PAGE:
A fictionalised biography documenting the rapid rise to power of Thomas Cromwell in the court of Henry VIII.
❚ “Wolf Hall is primarily about Thomas Cromwell who in real life was a disliked man who worked for King Henry. He orchestrated many of his plans and wishes, such as divorces and political decisions such as the break with Rome and the dissolution of monasteries.
In this book Mantel has brought the man to life, giving him a fictional upbringing and attributes both good and bad to made him appealing to readers. The other real life figures of the time are also brought to life and for Tudor fans I’m sure this is a huge drawcard.
However, because I know next to nothing about English royalty history or the Tudor period, I found this book difficult to read or enjoy. The vast number of characters, who were often referred to by multiple names, and the density of the occurrences in the English courts, politics and history was quite frankly overwhelming.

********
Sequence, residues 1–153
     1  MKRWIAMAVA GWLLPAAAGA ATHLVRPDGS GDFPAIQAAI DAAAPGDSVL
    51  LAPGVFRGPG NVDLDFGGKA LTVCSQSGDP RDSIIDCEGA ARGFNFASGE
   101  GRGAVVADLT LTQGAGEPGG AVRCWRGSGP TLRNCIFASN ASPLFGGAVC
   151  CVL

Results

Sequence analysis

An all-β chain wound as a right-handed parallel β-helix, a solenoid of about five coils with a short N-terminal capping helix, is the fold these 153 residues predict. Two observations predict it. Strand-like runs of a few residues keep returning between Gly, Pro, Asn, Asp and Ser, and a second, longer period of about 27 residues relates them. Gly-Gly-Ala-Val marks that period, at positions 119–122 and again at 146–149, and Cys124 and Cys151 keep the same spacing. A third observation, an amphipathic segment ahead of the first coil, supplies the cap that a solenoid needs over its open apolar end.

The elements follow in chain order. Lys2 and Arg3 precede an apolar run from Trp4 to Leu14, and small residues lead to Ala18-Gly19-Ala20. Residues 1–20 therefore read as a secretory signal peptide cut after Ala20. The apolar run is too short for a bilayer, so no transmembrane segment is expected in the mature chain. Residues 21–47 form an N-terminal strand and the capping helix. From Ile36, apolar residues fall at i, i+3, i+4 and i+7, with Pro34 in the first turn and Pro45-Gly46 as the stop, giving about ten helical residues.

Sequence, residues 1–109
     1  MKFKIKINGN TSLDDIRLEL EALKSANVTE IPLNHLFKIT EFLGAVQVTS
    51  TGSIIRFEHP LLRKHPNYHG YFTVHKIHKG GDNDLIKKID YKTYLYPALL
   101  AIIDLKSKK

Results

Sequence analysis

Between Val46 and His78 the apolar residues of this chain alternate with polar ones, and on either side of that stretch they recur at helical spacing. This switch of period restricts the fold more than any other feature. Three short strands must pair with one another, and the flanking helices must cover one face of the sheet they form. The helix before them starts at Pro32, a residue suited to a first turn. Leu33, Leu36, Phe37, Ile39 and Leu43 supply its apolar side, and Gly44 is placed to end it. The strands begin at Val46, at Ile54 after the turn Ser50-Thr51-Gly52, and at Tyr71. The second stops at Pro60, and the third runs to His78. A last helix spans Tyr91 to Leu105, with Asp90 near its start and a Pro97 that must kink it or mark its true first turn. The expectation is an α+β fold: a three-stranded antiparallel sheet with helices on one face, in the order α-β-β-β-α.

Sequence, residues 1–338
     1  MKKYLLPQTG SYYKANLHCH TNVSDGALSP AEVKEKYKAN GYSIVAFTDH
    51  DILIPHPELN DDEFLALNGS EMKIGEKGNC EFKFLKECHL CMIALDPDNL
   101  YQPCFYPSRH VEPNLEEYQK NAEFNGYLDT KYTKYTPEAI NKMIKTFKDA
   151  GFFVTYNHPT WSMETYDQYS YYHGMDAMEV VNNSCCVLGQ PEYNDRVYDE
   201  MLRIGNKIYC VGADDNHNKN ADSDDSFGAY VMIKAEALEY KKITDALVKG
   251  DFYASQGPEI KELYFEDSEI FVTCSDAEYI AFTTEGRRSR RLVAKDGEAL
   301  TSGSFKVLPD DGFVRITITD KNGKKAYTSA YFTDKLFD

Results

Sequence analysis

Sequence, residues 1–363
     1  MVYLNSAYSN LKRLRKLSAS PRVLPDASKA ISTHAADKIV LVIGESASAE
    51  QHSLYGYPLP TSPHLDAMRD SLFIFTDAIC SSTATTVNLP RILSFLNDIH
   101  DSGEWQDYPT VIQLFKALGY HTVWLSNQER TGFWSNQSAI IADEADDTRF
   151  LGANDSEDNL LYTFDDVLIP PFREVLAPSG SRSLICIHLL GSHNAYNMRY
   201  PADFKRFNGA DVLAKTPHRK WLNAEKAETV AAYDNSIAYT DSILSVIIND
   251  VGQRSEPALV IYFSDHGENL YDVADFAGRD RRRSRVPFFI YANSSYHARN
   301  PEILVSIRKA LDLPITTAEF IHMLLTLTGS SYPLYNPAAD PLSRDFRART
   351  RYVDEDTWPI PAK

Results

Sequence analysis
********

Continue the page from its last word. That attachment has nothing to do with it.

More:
I have no doubt Mantel is a formidable researcher and writer and has contributed to the history books with the writing of this novel. But I could not keep up with this one myself.” – Rachel
But it is no use to justify yourself. It is no good to explain. It is weak to be anecdotal. It is wise to conceal the past even if there is nothing to conceal. A man’s power is in the half-light, in the half-seen movements of his hand and the unguessed-at expression of his face. It is the absence of facts that frightens people: the gap you open, into which they pour their fears, fantasies, desires.
❚ “The sheer number of characters and confusingly written passages make for a frustrating read. I usually enjoy historical fiction but this story was way too labourious. I only finished it because I didn’t want to let my bookclub friends down and, because it was one of the few books I bought, I had a financial incentive to make the most of it!” – Jo